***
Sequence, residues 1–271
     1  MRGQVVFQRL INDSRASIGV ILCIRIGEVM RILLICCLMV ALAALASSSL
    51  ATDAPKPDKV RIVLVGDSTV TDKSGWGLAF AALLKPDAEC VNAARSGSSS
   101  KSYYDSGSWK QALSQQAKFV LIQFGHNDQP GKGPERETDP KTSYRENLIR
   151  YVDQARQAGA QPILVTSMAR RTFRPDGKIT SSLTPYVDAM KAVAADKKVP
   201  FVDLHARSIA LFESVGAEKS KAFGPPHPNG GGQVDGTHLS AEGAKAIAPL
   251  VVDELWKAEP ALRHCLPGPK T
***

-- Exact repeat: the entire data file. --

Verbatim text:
Sequence, residues 1–271
     1  MRGQVVFQRL INDSRASIGV ILCIRIGEVM RILLICCLMV ALAALASSSL
    51  ATDAPKPDKV RIVLVGDSTV TDKSGWGLAF AALLKPDAEC VNAARSGSSS
   101  KSYYDSGSWK QALSQQAKFV LIQFGHNDQP GKGPERETDP KTSYRENLIR
   151  YVDQARQAGA QPILVTSMAR RTFRPDGKIT SSLTPYVDAM KAVAADKKVP
   201  FVDLHARSIA LFESVGAEKS KAFGPPHPNG GGQVDGTHLS AEGAKAIAPL
   251  VVDELWKAEP ALRHCLPGPK T